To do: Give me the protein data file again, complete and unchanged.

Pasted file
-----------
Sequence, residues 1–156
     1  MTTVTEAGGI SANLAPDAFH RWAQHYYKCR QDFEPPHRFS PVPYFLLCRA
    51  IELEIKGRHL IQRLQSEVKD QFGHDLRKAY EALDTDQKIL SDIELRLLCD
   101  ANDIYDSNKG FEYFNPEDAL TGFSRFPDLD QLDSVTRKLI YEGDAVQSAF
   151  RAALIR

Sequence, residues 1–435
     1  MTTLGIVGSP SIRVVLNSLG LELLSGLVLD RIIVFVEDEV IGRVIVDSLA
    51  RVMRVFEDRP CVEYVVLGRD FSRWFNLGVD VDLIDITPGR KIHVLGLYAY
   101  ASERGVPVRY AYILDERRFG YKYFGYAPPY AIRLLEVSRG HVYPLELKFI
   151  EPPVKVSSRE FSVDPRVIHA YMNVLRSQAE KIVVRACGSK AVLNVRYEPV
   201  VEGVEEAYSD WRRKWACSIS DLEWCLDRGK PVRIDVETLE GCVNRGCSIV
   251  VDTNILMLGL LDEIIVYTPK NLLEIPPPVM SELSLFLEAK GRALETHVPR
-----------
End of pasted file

Sequence, residues 1–156
     1  MTTVTEAGGI SANLAPDAFH RWAQHYYKCR QDFEPPHRFS PVPYFLLCRA
    51  IELEIKGRHL IQRLQSEVKD QFGHDLRKAY EALDTDQKIL SDIELRLLCD
   101  ANDIYDSNKG FEYFNPEDAL TGFSRFPDLD QLDSVTRKLI YEGDAVQSAF
   151  RAALIR

Sequence, residues 1–435
     1  MTTLGIVGSP SIRVVLNSLG LELLSGLVLD RIIVFVEDEV IGRVIVDSLA
    51  RVMRVFEDRP CVEYVVLGRD FSRWFNLGVD VDLIDITPGR KIHVLGLYAY
   101  ASERGVPVRY AYILDERRFG YKYFGYAPPY AIRLLEVSRG HVYPLELKFI
   151  EPPVKVSSRE FSVDPRVIHA YMNVLRSQAE KIVVRACGSK AVLNVRYEPV
   201  VEGVEEAYSD WRRKWACSIS DLEWCLDRGK PVRIDVETLE GCVNRGCSIV
   251  VDTNILMLGL LDEIIVYTPK NLLEIPPPVM SELSLFLEAK GRALETHVPR